If you have a history of sensitive skin, don’t guess: random trial and error can cause more damage. Ask your dermatologist about a patch test.
SYMPTOMS OF CLAY ALLERGIES
A red rash or red patches of skin, especially inside the folds of the elbows and knees
Dry skin, which can crack and possibly bleed
Sneezing and an itchy, runny or blocked nose
Wheezing, chest tightness, shortness of breath, and a cough
Swollen lips, tongue, eyes, or face
The symptoms vary depending on how you come into contact with the clay. You may have a runny nose if exposed to a mold of clay and probably develop a rash if you have a skin allergy to the clay.
The location of eczema may change with age. In infants and young children, eczema is usually located on the cheeks, outside of the elbows, and on the knees. In older children and adults, eczema is typically on the hands and feet, the arms, and the back of the knees.
Symptoms can be painful, and cause skin coloring changes, and blisters. The itch associated with “clay eczema” can be very severe, and often interrupts sleep. Scratching of the skin may lead to an infection. Infants with eczematous dermatitis may rub against bedding or other things to relieve the itch.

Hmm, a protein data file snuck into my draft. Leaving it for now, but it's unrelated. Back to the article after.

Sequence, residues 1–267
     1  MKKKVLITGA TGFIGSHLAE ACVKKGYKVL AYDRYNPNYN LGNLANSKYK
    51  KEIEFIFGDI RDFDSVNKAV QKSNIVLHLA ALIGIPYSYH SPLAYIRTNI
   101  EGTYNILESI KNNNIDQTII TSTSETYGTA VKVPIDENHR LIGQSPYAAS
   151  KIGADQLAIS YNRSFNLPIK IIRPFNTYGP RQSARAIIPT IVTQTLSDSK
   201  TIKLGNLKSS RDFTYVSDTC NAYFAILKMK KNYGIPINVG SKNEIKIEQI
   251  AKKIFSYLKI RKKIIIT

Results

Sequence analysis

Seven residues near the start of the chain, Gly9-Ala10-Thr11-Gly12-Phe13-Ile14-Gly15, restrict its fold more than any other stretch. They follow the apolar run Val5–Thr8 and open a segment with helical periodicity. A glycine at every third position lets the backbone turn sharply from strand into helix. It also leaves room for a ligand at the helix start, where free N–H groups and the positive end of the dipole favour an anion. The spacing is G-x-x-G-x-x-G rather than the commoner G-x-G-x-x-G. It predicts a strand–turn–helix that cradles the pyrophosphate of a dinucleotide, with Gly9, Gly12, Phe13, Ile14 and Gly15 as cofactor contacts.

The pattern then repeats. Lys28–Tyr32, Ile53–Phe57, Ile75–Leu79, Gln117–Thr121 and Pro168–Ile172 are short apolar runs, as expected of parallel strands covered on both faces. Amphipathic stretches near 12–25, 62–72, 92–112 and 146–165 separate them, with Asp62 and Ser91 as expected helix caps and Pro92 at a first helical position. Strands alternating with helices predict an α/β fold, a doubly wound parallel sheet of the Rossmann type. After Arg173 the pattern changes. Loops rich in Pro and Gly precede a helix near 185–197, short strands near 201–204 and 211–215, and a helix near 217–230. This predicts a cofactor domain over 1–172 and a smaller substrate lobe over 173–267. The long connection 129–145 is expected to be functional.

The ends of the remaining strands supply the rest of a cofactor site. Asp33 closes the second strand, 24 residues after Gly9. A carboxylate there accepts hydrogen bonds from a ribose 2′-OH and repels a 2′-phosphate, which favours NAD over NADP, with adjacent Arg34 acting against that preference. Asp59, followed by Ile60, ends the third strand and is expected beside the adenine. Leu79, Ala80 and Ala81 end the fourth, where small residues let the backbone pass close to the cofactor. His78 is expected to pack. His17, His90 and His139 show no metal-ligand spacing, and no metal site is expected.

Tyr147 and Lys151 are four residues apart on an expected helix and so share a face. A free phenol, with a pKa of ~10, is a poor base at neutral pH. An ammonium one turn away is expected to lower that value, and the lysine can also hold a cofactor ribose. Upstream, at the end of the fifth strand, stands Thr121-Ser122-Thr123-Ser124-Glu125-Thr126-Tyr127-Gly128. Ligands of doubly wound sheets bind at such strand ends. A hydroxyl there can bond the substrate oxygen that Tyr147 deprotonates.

People diagnosed with eczematous dermatitis can manage the condition with the guidance of an allergist. In cases of moderate or severe eczema, an allergist may recommend prescription medication, including topical steroids and/or antihistamines. Milder cases may be treated with ointments such as petroleum jelly, and moisturizers. Those should be applied daily, even when the skin appears clear, to help prevent dryness.
If you are diagnosed with eczema, you should avoid harsh cleansers, drink water often, wear gloves while working on pottery pieces, especially in cold weather, and avoid wearing materials such as wool, which could irritate the skin. Eczema can also be caused by foods, cosmetics, soaps, wool, dust mites, mold, pollen, dog or cat dander, dry climate, and other variables.
If your child is allergic to pottery clay and he/she comes in contact with it, you should bathe him immediately and immediately apply moisturizer after the bath. You should limit the use of pH-balanced skin cleansers after frequent bathing, along with gentle patting dry, and the immediate application of a moisturizer to “seal” in moisture. This technique is called “soak and smear” and can provide relief from the itching that comes with eczema.
Being allergic to potter clay is not common, a research conducted in 2016 proved that about 100 out of 4,000 people are allergic to clay. The allergy is often caused by clay molds, but the other triggers are slop/reclaim buckets. Adding some bleach regularly helps to reduce clay molds. These allergies are in the form of Eczema and they are mostly found in young people (mostly infants). It can be treated by bathing and applying moisturizer often but if symptoms persist after 3 days, see your doctor.